A family displaced by a North Vancouver apartment fire faces a big bill to get its belongings back that survived the fire.
Not only does the family have had to find a new, more-expensive rental, it's facing thousands of dollars in fees to reclaim belongings in the apartment that the property management company says are contaminated.
An investigation of the International Plaza fire, which sent two people to hospital on Dec. 28, didn’t come to a definitive conclusion.
“We got to the point that our investigators were able to determine location, but due to the amount of fuel load and significant damage we were unable to determine a cause,” said Brian Hutchinson, fire chief for District of North Vancouver Fire and Rescue Services.
While investigators weren’t able to discover the cause in this case, Hutchinson said that historically it’s not uncommon for things like smoking materials and overloaded appliances or outlets to start fires.
A letter from management company Capreit states that damage from the fire created a “significant risk of exposure to hazardous, such as asbestos, which are contained in the debris created by the fire. The hazardous materials have contaminated your possessions.”
Capreit said it would cover costs to clean five items. Beyond that, tenants’ insurance may cover the cleaning; tenants could pay the restoration company directly for the work; or the possessions would be discarded.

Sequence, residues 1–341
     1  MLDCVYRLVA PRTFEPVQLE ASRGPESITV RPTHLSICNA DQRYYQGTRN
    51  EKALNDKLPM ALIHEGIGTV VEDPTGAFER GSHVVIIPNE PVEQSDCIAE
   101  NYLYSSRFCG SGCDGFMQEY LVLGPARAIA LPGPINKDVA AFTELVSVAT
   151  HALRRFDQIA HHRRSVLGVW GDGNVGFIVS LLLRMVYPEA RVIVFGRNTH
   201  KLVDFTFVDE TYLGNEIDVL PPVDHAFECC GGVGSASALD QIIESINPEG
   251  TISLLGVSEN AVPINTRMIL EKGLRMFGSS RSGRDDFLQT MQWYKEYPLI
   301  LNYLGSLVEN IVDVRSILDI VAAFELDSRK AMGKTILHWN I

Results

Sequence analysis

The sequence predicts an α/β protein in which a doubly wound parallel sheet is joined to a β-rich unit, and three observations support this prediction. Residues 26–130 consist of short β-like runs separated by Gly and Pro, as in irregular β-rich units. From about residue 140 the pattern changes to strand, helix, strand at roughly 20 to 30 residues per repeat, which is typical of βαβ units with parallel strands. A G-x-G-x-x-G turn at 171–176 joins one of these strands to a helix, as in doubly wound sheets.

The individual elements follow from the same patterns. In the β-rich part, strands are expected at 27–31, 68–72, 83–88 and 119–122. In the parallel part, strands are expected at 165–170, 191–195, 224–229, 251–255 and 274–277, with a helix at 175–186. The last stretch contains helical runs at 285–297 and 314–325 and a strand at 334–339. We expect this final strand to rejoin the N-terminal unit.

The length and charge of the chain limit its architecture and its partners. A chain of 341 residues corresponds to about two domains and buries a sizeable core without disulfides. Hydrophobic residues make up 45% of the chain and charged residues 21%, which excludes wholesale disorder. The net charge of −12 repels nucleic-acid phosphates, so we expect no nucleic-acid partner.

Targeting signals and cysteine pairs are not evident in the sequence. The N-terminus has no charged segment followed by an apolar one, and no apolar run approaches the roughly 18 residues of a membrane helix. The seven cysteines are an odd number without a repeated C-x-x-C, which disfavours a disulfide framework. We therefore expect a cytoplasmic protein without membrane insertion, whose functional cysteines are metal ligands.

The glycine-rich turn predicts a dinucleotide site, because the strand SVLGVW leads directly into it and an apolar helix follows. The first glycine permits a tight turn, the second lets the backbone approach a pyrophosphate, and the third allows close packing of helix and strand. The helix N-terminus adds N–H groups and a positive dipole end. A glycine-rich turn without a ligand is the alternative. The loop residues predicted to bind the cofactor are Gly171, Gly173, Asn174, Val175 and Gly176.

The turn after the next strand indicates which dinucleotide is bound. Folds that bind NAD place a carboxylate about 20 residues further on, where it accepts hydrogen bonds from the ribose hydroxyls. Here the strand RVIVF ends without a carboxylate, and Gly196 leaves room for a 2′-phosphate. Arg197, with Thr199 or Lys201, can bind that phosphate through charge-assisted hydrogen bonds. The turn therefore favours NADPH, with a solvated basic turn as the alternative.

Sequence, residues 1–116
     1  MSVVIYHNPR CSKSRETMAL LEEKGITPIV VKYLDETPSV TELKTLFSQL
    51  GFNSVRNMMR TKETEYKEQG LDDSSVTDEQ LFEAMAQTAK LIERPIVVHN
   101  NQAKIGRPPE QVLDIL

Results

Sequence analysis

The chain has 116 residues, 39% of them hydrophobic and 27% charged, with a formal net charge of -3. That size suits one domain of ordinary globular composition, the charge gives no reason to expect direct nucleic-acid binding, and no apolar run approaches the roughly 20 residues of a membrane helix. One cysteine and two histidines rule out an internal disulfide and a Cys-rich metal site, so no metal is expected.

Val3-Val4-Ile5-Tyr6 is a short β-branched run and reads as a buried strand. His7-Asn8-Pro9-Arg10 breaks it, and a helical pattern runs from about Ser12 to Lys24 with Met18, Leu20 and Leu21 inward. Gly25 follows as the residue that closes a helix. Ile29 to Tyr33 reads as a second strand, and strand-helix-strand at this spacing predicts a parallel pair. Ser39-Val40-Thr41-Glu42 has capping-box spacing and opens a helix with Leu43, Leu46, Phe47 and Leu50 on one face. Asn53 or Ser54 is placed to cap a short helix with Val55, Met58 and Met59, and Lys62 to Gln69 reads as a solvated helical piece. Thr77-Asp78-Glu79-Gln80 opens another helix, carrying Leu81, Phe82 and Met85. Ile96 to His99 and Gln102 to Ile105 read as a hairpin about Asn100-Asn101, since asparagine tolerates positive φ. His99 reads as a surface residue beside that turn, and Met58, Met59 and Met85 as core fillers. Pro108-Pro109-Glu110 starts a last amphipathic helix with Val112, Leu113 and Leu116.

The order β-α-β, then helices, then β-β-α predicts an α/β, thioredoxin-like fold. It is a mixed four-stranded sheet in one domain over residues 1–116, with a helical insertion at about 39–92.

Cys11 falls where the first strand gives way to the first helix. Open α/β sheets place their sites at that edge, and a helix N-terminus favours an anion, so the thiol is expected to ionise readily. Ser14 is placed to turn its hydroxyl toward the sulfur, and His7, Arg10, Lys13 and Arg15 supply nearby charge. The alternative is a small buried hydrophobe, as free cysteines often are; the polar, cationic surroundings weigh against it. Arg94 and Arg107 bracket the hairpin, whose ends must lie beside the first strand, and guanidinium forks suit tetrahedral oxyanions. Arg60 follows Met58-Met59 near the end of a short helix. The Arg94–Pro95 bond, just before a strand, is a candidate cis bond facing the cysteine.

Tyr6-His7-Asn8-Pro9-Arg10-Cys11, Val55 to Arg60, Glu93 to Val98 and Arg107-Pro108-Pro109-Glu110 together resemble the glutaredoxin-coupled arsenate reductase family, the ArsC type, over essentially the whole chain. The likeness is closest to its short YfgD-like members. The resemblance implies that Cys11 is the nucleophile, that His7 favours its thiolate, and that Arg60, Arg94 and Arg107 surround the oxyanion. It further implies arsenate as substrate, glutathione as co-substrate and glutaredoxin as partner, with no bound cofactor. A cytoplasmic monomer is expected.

A bill from On Side Restoration puts the cost to clean the family’s possessions at $2,983.
Meanwhile, the family's rent at their new home is $1,000 more a month, they have no furniture and they sleep at a hotel.
Capreit says it’s too early to provide a timeline for when the work will be complete. Capreit hasn’t said if tenants displaced for a longer term would have the choice to return.
Most tenants on the first two floors of the building have since been able to return, and North Shore Emergency Management director Emily Dicken said support for people still displaced has been extended to Feb. 15.
“We hope by that time, we’ll be able to support those folks through the remainder of their displacement and into some permanent housing,” she said, adding there have been some good news stories of people finding new places to live on the North Shore or elsewhere.